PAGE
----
HackerRank Code Testing by Clojure

HackerRank Code Testing by Clojure

Recently, I decided to give Clojure a try. I used to write Clojure code for my day job, however, no Clojure at all for two years. Instead, almost all were done by Python. I became familiar with Python’s functional programming world now. Aside of ML/DL projects, I did bunch at HackerRank, leetcode or sort. After a while, I thought, “maybe I can solve problems by Clojure like Python…”

Luckily, HackerRank supports Clojure. So, I started.

Soon, I hit the wall. I wanted to test a code. Okay, writing test is not hard. Something quite hard was the HackerRank platform. Test data comes in from STDIN. Something output to STDOUT is tested. For many problems, it’s effective to have read-line and println in the code side.

I did quite a lot of research and trials so that the code can be tested without any modification on HackerRank platform. This experience, setting up a testing environment was a good Clojure study. That’s why I wrote the blog post. This post may help other Clojure newbies to figure out how.

Binding STDIN

Clojure has clojure.core/binding function. This function is used to create new bindings, which is like, replacing the current bindings. In Clojure, STDIN is bind to *in*. So, what should be done is to bind *in* to something else.

Next question is what should be “something else.”

HackerRank test case is provided by a file. People can get the test data file if they pay 5 Hackos. The “Hackos” are points people can get when their solutions successfully pass all tests. Unless the problem is a very entry level, the test case file tends to pretty big. It’s unable to write the test data in the code often. For this reason, I wanted to get the test data from a file and bind it to *in*.

What I did was:

  1. create a file under resource directory
  2. read it as a resource
  3. convert it to a reader
  4. bind the reader to *in*
(require '[clojure.java.io :as io])
(with-open [rdr (io/reader (io/resource n))]
    (binding [*in* rdr]
      (f)))

Since the project was created by the leningen, the resources directory is already on the path. Just to give a relative file path as n, the file is read. The f is a function which consumes data from STDIN.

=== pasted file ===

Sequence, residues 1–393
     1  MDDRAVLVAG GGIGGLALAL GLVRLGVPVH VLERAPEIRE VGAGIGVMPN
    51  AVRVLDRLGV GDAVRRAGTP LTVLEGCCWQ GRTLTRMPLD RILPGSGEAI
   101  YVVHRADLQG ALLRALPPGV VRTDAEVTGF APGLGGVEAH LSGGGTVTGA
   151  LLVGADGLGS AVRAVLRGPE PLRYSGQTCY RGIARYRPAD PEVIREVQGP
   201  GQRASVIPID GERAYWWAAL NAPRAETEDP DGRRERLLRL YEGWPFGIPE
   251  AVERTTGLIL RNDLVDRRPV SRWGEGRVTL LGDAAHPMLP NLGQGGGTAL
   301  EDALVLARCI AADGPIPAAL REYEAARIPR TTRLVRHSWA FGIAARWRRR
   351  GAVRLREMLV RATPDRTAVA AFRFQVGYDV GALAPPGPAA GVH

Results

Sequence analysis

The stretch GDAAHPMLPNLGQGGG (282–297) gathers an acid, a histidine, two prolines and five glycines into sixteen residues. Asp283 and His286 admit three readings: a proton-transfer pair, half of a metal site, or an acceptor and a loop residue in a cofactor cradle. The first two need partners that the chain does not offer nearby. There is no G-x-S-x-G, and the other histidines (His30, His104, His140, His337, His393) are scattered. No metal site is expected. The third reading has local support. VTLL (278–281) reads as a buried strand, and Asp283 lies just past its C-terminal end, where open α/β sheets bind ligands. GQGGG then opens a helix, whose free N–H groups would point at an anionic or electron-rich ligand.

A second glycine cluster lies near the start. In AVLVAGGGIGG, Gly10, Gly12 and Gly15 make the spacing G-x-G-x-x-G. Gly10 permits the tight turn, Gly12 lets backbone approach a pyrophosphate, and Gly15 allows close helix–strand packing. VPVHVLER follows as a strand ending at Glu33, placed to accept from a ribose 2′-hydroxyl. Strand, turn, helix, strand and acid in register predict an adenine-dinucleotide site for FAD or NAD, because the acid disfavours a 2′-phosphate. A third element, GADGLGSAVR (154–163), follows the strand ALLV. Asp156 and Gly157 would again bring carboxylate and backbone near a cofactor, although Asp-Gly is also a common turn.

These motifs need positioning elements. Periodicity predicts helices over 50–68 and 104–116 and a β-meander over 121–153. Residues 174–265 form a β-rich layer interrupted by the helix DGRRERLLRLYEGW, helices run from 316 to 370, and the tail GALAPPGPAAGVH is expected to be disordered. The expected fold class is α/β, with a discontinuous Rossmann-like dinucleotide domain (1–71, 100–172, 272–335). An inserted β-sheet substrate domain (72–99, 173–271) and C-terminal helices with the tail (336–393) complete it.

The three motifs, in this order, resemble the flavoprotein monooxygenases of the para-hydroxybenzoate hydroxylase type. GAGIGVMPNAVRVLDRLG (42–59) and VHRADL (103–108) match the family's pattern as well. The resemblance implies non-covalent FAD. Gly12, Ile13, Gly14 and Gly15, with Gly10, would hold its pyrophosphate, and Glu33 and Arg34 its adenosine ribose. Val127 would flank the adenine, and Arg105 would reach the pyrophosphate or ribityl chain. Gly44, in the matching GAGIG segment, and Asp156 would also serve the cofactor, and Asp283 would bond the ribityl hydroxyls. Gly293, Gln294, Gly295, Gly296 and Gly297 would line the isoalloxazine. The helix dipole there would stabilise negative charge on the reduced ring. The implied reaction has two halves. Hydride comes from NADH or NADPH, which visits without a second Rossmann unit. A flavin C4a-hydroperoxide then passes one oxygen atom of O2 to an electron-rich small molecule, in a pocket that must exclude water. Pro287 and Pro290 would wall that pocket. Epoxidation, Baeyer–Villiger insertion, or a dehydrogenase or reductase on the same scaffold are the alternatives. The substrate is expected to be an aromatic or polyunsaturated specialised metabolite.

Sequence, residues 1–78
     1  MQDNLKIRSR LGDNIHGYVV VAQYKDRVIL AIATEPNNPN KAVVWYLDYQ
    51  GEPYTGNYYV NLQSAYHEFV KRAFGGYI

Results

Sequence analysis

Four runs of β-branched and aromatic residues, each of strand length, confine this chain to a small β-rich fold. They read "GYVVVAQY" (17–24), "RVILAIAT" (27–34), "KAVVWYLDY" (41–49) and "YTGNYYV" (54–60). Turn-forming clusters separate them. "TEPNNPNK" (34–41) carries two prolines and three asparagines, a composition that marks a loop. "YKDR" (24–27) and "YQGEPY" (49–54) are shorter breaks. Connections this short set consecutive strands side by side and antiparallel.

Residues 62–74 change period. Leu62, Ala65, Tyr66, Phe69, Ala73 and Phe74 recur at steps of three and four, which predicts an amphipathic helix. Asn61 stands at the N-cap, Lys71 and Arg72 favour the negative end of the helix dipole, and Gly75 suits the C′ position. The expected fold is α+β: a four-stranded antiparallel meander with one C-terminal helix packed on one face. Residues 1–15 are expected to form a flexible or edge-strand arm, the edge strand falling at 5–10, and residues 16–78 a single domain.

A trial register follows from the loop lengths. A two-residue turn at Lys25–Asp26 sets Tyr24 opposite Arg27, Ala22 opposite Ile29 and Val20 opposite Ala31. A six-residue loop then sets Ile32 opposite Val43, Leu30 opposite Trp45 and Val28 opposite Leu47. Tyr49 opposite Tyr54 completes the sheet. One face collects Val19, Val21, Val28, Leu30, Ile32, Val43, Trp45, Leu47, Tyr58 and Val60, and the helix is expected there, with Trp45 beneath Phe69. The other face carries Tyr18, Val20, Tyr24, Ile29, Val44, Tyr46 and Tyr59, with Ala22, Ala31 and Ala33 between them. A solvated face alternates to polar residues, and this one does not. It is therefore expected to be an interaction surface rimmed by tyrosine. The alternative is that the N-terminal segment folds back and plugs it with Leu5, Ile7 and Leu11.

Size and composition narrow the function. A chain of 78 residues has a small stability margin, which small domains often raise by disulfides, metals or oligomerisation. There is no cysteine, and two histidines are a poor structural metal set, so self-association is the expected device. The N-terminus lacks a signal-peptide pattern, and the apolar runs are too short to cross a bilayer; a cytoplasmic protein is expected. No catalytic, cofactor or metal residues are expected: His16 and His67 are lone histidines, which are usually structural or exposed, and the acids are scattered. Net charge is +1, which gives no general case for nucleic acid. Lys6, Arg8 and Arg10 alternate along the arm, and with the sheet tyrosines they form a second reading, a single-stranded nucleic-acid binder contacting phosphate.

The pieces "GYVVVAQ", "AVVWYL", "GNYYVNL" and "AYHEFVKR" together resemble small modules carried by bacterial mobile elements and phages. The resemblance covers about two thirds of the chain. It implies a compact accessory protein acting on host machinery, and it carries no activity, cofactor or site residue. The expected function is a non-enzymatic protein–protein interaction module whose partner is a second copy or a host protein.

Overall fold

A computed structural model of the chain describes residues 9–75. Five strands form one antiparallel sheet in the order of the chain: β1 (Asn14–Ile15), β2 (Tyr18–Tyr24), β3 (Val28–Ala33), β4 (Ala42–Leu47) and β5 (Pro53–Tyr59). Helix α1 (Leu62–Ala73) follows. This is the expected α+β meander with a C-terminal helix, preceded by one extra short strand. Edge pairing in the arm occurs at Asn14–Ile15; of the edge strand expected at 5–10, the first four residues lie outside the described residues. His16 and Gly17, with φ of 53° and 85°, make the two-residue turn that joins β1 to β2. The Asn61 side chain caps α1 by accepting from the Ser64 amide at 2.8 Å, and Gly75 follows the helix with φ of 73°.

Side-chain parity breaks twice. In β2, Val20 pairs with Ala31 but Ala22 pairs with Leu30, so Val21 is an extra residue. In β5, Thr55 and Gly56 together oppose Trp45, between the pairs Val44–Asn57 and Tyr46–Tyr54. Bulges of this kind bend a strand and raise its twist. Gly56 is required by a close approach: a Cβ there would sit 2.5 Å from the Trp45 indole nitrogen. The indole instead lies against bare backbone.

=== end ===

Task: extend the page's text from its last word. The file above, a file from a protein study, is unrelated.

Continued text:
Catching STDOUT

Now, reading from STDIN was cleared. Next will be to catch STDOUT. Clojure has a convenient function clojure.core/with-out-str. Compared to a reading part, catching STDOU was much easier. For example:

;; define function which prints to stdout
> (defn say-it []
    (println "seriously?")
    (println "can't believe"))

;; assign STDOUT to "out"
> (def out (with-out-str (say-it)))

;; what's in the "out"
> out
"seriously?\ncan't believe\n" 

The same idea for the reading can be applied to STDOUT – printing out to a file under resources directory. However, in general, the expected output is simple for the HackerRank problems. At this moment, with-out-str function satisfies my needs.

Wrapping Tests

So far, STDIN and STDOUT work well to fit with the HackerRank platform. However, to bind resource reader to STDIN, I should write with-open ... in every test case. I want to avoid writing the same lines again and again. After searching online, I found clojure.test/use-fixtures function. This function works like Unit test’s setUp()/tearDown() methods. As the Clojure API document explains:

(defn my-test-fixture [f]
        (create-db)   ;; setUp
        (f)           ;; test
        (destroy-db)) ;; tearDown
(use-fixtures :once my-test-fixture

Define the fixture function, then call use-fixture function. The tests in the same namespace are all wrapped by the fixture.

Below is an example test by the use-fixture function.

Gotchas

The function use-fixture made my test code simple. It’s good. However, it has a downside. Some problems provide multiple test cases, which means multiple resource files on my test environment. Since only one use-fixture is applied to all tests in the same namespace, my wrap-test and fixture design don’t work nicely. There should be a way to cope with this problem. It will be my next challenge.

If you are interested, my solution and test code for 30 Days of Code are in my repository, thirty-day-code.